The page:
The social media app does not break out regional users — but a leaked ad deck suggested it had 17M+ MAUs in Europe at the start of last year.
The flipside of TikTok’s rise to hot social media app beloved of teens everywhere has been earning itself the ire of US president Trump — who earlier this month threatened to use executive powers to ban TikTok in the US unless it sells its US business to an American company. (Microsoft is in the frame as a buyer.)
Whether Trump has the power to block TikTok’s app is debatable. Tech savvy teenagers will surely deploy all their smarts to get around any geoblocks. But operational disruption looks inevitable — and that has been forcing TikTok to make a series of strategic tweaks in a bid to limit damage and/or avoid the very worst outcomes.
Since taking office the US president has shown himself willing to make international business extremely difficult for Chinese tech firms. In the case of mobile device and network kit maker, Huawei, Trump has limited domestic use of its tech and leant on allies to lock it out of their 5G networks (with some success) — citing national security concerns from links to the Chinese Communist Party.
USA to isolate its internet from Chinese entities: telecom network suppliers, remove "untrusted apps" from app stores (Google/Apple?), block Chinese cloud infrastructures… Whoa. https://t.co/XhYd3WegYx
— Lukasz Olejnik (@lukOlejnik) August 6, 2020
TikTok has been taking steps to try to insulate its international business from US-fuelled security concerns — and also provide some incentives to Trump for not quashing it — hiring Disney executive Kevin Mayer on as CEO of TikTok and COO of ByteDance in May, and promising to create 10,000 jobs in the U.S., as well as claiming US user data is stored in the US.
In parallel it’s been reconfiguring how it operates in Europe, setting up an EMEA Trust and Safety Hub in Dublin, Ireland at the start of this year and building out its team on the ground. In June it also updated its regional terms of service — naming its Irish subsidiary as the local data controller alongside its UK entity, meaning European users’ data no longer falls under its US entity, TikTok Inc.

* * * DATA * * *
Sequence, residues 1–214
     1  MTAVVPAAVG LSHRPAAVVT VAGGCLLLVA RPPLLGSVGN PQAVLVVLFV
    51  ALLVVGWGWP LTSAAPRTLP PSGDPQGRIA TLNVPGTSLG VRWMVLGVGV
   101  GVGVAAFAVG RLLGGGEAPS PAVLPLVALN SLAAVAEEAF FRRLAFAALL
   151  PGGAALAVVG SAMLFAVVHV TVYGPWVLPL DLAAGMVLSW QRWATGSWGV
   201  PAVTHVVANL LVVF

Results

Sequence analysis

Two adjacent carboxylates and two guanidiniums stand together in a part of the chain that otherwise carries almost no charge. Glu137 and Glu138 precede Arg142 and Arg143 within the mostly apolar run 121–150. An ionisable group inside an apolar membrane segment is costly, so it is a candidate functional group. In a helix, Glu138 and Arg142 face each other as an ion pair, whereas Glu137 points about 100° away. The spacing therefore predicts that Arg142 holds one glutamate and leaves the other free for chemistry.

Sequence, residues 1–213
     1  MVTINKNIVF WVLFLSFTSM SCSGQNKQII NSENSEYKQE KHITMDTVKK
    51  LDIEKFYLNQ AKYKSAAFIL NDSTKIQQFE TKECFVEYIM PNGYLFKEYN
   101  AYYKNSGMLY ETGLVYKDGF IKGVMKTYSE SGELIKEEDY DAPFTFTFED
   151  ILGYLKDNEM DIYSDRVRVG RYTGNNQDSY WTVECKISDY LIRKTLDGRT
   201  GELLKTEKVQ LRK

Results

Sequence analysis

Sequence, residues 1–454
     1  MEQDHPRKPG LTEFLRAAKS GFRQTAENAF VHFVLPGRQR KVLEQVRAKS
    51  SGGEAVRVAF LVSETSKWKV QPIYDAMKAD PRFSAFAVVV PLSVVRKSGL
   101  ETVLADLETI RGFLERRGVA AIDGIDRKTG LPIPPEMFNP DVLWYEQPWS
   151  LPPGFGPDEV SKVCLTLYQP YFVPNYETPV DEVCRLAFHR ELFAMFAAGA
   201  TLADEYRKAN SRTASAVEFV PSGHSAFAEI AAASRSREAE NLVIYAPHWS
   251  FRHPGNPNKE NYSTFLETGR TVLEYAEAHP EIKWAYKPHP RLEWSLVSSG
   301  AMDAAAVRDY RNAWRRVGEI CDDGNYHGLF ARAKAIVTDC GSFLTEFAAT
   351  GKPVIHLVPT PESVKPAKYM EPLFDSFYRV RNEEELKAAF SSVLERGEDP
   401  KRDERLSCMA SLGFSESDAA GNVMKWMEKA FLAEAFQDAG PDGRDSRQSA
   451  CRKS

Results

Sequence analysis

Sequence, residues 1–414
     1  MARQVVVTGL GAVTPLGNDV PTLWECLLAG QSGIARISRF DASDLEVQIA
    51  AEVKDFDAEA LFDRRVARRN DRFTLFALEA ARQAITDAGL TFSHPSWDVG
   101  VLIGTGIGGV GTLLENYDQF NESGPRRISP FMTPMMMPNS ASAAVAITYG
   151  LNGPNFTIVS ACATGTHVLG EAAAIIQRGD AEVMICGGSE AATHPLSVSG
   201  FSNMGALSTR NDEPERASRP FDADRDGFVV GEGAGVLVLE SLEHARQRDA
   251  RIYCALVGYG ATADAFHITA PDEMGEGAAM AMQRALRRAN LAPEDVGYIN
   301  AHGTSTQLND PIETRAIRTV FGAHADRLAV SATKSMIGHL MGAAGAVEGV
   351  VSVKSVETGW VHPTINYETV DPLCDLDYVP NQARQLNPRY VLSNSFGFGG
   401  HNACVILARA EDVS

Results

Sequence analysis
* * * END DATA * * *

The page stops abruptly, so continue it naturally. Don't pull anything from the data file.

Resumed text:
This reflects distinct rules around personal data which apply across the European Union and European Economic Area. So while European political leaders have not been actively attacking TikTok in the same way as Trump, the company still faces increased legal risk in the region.
Last month CJEU judges made it clear that data transfers to third countries can only be legal if EU users’ data is not being put at risk by problematic surveillance laws and practices. The CJEU ruling (aka ‘Schrems II’) means data processing in countries such as China and India — and, indeed, the US — are now firmly in the risk frame where EU data protection law is concerned.
One way of avoiding this risk is to process European users’ data locally. So TikTok opening a data center in Ireland may also be a response to Schrems II — in that it will offer a way for it to ensure it can comply with requirements flowing from the ruling.
Privacy commentators have suggested the CJEU decision may accelerate data localization efforts — a trend that’s also being seen in countries such as China and Russia (and, under Trump, the US too it seems).
EU data watchdogs have also warned there will be no grace period following the CJEU invalidating the US-EU Privacy Shield data transfer mechanism. While those using other still valid tools for international transfers are bound to carry out an assessment — and either suspend data flows if they identify risks or inform a supervisor that the data is still flowing (which could in turn trigger an investigation).
The EU’s data protection framework, GDPR, bakes in stiff penalties for violations — with fines that can hit 4% of a company’s global annual turnover. So the business risk around EU data protection is no longer small, even as wider geopolitical risks are upping the uncertainty for global Internet players.